The Michigan Student Assembly passed an resolutions last week urging the administration to require that professors make reading lists available at least one month before classes begin. MSA resolutions come and go, but despite their general lack of clout, this one is on to something. The administration has so far been hesitant to do what it can to alleviate the burden of high textbook prices on students. MSA’s resolution is a promising sign that students are interested, but it will take additional efforts to pressure the administration and faculty. Requiring professors to make textbook lists available well before classes begin is an easy change that would make a real difference to students.

Sarah Royce

In weighing the risk of burdening professors with timetables on book lists against the potential to make textbooks cheaper for students, the choice seems clear. Students regularly face exorbitant prices for shrink-wrapped new editions and fear falling behind in their classes if a book ordered online doesn’t arrive on time.

Despite the seeming no-brainer of making it easier for students to seek cheaper used books, the measure has come under fire. Some faculty argue that different departments require different timetables to decide which books are needed, and thus setting one date for the entire University would be counterproductive. Even if a uniform deadline is unworkable, however, there seems to be no reason why individual departments could not simply require different dates. With some textbooks retailing new for more than $100, any advance notice students can get will help.

There may be little the University can do in the short term to limit the high textbook prices that result from publishers’ policies like making old editions obsolete by switching chapter orders and adding a couple paragraphs every few years. At the very least, however, students should have access to the information they need to take advantage of venues like the Internet, book swaps or used book shops like The Dawn Treader Book Shop. The imperative here is to act, not to let the measure go another year while next year’s students suffer.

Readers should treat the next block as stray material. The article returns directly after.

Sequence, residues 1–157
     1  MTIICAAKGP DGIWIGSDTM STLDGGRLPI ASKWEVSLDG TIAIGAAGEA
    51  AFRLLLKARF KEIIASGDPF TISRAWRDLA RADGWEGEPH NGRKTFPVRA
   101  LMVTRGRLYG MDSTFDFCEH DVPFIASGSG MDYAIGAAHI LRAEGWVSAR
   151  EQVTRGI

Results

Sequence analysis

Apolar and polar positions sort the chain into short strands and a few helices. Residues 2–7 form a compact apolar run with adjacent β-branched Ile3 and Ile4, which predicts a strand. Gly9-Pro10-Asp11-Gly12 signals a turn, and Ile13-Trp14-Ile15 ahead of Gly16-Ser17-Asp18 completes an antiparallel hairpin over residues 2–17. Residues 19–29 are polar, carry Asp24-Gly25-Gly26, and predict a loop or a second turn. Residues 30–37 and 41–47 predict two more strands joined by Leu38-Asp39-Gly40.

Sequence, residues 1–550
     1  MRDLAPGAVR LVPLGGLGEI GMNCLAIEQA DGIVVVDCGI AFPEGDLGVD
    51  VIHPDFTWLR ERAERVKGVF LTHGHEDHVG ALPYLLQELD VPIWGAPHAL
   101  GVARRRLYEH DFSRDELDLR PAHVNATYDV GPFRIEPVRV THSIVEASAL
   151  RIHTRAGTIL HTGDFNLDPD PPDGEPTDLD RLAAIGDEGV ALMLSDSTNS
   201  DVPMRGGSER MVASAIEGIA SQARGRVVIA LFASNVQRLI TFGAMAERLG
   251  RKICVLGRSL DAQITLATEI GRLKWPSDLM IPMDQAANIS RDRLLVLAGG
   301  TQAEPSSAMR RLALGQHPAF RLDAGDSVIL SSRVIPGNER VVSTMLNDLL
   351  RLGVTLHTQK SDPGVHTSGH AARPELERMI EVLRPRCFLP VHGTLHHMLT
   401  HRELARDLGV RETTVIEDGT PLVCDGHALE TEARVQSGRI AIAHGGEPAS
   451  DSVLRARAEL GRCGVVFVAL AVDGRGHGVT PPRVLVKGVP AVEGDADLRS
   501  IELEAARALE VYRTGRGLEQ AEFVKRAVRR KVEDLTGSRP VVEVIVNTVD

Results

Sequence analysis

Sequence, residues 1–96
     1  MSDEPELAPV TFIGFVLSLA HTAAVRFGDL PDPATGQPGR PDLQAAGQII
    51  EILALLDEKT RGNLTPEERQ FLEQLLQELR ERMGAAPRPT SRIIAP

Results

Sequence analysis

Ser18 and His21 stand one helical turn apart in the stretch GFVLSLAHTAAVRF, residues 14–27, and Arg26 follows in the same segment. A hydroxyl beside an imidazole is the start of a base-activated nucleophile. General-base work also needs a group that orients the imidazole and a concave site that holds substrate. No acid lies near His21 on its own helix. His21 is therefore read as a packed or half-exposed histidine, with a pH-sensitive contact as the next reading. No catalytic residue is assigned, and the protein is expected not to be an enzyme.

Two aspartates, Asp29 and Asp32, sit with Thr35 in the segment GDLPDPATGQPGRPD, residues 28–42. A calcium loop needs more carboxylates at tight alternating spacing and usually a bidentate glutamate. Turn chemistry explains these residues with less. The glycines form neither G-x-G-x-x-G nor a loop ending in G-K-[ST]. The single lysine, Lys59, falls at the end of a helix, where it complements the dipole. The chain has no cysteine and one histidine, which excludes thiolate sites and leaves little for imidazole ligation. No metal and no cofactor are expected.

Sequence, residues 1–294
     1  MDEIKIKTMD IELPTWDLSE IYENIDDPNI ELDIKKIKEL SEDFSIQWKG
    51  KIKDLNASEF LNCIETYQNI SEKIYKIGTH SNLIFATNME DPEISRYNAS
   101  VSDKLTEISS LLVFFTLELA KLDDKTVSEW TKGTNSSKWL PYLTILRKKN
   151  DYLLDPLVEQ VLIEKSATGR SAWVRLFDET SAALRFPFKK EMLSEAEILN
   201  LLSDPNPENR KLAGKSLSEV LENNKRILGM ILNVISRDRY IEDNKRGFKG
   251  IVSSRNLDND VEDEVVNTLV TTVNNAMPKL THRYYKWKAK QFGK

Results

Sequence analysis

The success some departments have seen with textbook notification deadlines shows that such measures can be effectively enforced. The math department, for instance, reported unanimous compliance with a requirement to post book lists by April for this past fall term. Unless University professors are simply seeking to boost profits for textbook publishers, convincing them to pick out textbooks more than a few days before classes start is hardly an unreasonable request.

With a set date in each department, students will be able to pay less for their books, easing one aspect of the already high cost of education. By knowing the required readings sooner, they will also enter their courses with a better idea of what to expect, improving the first two weeks of class, when students frantically adjust their schedules. With information out sooner, students will no longer have to dread long lines or surprise books expenses and will instead spend their first few weeks of class actually learning.

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